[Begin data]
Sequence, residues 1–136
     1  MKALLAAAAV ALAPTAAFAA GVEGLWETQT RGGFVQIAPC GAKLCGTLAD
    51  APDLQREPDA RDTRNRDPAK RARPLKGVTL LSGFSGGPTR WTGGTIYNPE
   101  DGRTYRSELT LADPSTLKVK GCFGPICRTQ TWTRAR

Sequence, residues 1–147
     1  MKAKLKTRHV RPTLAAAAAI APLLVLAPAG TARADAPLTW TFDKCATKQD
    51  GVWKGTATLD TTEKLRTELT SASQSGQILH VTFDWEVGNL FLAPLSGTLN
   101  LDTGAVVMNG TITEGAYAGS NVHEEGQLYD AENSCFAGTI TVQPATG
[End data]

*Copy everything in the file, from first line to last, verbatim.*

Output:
Sequence, residues 1–136
     1  MKALLAAAAV ALAPTAAFAA GVEGLWETQT RGGFVQIAPC GAKLCGTLAD
    51  APDLQREPDA RDTRNRDPAK RARPLKGVTL LSGFSGGPTR WTGGTIYNPE
   101  DGRTYRSELT LADPSTLKVK GCFGPICRTQ TWTRAR

Sequence, residues 1–147
     1  MKAKLKTRHV RPTLAAAAAI APLLVLAPAG TARADAPLTW TFDKCATKQD
    51  GVWKGTATLD TTEKLRTELT SASQSGQILH VTFDWEVGNL FLAPLSGTLN
   101  LDTGAVVMNG TITEGAYAGS NVHEEGQLYD AENSCFAGTI TVQPATG